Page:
Lords Critical Of Government’s Housing Targets

The House of Lords Secondary Legislation Scrutiny Committee has criticised the government’s housing targets, branding them ‘unrealistic.’

The government’s target of releasing land to build the equivalent of 160,000 homes was deemed an ‘aspirational’ target by the committee who had found actual numbers of released land to be around 100,000 units short of the target.

By March 2020, the committee suggested the Public Land for Housing Programme 2015-2020 were likely to have released land for 65,000 new homes.

The report was fairly scathing of the government’s current approaches and processes in setting targets. The committee claimed that when a target is made, there should be a steadfast expectation that the figures can and will be met.

The House of Lords members believed the current system to be ‘deeply troubling’ and that the original target was viewed by key stakeholders, including the then housing minister Esther McVey, who referred to the targets as ‘very ambitious,’ ‘incredibly high’ and ‘aspirational.’

The committee were also underwhelmed by the Explanatory Memorandum accompanying the Regulations, claiming that “not for the first time, the government had provided insufficient information to gain a clear understanding about the broader context of the instrument’s policy objective and intended implementation of the policy of sale of public land for housing.”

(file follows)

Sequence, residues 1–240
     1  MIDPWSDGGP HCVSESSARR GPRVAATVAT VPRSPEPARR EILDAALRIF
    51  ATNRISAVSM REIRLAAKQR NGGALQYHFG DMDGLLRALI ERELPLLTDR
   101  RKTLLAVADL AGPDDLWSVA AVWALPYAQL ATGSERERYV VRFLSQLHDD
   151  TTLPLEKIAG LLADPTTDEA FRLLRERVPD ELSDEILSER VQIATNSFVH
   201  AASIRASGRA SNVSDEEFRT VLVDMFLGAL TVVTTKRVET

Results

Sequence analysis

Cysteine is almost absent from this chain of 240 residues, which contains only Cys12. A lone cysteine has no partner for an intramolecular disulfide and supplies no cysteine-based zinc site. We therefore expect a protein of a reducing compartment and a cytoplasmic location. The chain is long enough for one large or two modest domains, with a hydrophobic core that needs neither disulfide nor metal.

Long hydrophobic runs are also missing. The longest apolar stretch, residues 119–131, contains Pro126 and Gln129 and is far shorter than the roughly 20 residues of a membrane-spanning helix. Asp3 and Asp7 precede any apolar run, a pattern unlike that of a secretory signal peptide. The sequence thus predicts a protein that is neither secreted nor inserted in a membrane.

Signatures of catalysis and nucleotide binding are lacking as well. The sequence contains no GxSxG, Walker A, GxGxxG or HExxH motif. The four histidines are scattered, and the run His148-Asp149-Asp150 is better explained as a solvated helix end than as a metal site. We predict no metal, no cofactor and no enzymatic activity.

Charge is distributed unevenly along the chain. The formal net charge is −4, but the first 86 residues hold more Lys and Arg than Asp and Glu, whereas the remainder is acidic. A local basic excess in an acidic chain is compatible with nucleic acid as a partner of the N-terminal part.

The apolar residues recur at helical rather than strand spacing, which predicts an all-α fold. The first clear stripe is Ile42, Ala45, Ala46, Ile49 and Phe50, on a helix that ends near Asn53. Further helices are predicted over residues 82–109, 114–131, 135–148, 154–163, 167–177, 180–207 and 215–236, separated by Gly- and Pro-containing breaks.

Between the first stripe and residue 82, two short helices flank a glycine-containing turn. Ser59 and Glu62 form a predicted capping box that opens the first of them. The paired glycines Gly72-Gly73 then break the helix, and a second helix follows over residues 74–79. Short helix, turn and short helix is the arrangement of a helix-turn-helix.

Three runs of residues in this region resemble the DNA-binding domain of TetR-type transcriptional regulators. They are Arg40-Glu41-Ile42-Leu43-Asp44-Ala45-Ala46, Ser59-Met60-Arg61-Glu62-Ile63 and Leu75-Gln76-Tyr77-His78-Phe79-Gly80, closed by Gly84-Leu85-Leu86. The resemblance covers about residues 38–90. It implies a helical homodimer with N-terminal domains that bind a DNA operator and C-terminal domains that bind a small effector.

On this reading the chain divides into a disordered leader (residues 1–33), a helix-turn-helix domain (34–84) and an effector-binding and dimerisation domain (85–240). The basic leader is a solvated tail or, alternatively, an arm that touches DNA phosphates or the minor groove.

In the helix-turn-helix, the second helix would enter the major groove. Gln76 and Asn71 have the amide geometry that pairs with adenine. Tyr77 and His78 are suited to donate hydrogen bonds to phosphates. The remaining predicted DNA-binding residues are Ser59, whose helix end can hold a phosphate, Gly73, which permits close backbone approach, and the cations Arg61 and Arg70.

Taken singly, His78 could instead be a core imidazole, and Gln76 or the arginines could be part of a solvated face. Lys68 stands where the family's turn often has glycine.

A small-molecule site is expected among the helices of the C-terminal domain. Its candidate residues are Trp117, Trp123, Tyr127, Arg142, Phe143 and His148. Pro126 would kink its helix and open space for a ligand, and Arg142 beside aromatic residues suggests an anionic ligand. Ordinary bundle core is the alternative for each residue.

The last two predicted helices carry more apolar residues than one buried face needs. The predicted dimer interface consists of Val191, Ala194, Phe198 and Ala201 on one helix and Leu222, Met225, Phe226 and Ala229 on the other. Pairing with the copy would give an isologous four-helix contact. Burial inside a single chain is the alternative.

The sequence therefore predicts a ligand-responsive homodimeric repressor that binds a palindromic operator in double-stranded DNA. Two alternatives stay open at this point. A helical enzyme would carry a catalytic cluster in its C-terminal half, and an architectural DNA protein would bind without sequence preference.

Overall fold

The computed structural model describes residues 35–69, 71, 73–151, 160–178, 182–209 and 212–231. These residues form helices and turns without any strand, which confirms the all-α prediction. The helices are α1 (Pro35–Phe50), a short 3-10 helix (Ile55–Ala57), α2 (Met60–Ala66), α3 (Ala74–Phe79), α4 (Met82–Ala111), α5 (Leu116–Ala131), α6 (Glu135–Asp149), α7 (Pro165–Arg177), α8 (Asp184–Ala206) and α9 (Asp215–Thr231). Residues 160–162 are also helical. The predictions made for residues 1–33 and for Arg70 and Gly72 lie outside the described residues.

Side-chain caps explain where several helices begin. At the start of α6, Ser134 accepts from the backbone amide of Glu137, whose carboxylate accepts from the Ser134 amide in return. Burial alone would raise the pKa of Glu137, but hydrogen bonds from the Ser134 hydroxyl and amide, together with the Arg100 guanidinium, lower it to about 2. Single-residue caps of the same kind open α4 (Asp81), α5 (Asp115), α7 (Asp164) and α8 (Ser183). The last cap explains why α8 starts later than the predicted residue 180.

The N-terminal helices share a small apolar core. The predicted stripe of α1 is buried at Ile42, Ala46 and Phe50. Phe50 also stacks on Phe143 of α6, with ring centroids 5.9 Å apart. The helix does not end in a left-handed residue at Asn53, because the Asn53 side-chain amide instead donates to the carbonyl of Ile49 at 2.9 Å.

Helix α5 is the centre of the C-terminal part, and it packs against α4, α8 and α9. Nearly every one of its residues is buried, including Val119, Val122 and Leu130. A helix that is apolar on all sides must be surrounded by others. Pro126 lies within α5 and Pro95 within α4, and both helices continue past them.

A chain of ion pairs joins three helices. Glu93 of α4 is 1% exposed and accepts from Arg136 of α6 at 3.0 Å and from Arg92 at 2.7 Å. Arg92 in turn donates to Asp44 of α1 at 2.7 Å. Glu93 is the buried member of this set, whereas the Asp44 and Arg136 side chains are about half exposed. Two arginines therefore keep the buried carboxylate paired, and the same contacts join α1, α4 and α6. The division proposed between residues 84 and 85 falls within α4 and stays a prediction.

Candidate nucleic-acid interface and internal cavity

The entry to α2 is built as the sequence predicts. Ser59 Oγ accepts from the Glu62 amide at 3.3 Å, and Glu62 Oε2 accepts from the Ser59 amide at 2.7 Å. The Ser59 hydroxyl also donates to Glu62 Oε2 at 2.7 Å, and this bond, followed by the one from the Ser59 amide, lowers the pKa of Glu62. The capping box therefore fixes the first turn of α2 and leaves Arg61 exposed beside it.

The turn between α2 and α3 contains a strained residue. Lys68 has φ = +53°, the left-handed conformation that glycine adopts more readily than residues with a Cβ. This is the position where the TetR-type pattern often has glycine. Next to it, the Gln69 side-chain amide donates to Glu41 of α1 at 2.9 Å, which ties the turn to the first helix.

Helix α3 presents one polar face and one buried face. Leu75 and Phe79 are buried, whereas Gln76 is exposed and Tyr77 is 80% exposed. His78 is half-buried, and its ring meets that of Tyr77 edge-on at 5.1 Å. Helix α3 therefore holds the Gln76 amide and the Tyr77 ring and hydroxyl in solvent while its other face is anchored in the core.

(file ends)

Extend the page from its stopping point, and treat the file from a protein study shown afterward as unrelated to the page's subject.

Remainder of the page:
Commenting Lord Hodgson of Astley Abbotts, Chair of the Committee, said:

“When the Government state that they have set a ‘target’, they should have an expectation, based on a realistic assessment of the evidence, that it is achievable. If targets are nothing more than ‘aspirational’, how can we understand the real intentions of the Government and how can we call the Government to account for their performance measured against a so-called target?

“We were disappointed in this particular case that the Ministry for Housing, Communities and Local Government laid these Regulations with an Explanatory Memorandum which failed to explain clearly that the ‘target’ of capacity for 160,000 homes under the Public Land for Housing Programme 2015-2020 was simply “aspirational” and that there was likely to be a significant shortfall.

“We believe the House will want to consider these Regulations in the broader context of the Government’s policy of disposal of surplus public sector land for housing, and so have drawn them to the special attention of the House.”

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